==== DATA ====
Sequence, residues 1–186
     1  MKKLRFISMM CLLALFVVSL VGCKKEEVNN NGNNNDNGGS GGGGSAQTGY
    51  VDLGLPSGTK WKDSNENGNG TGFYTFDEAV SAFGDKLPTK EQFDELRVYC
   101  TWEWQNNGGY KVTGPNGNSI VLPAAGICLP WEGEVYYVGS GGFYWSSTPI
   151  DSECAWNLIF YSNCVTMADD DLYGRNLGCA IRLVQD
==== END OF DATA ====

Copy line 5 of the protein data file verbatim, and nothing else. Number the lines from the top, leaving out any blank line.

   151  DSECAWNLIF YSNCVTMADD DLYGRNLGCA IRLVQD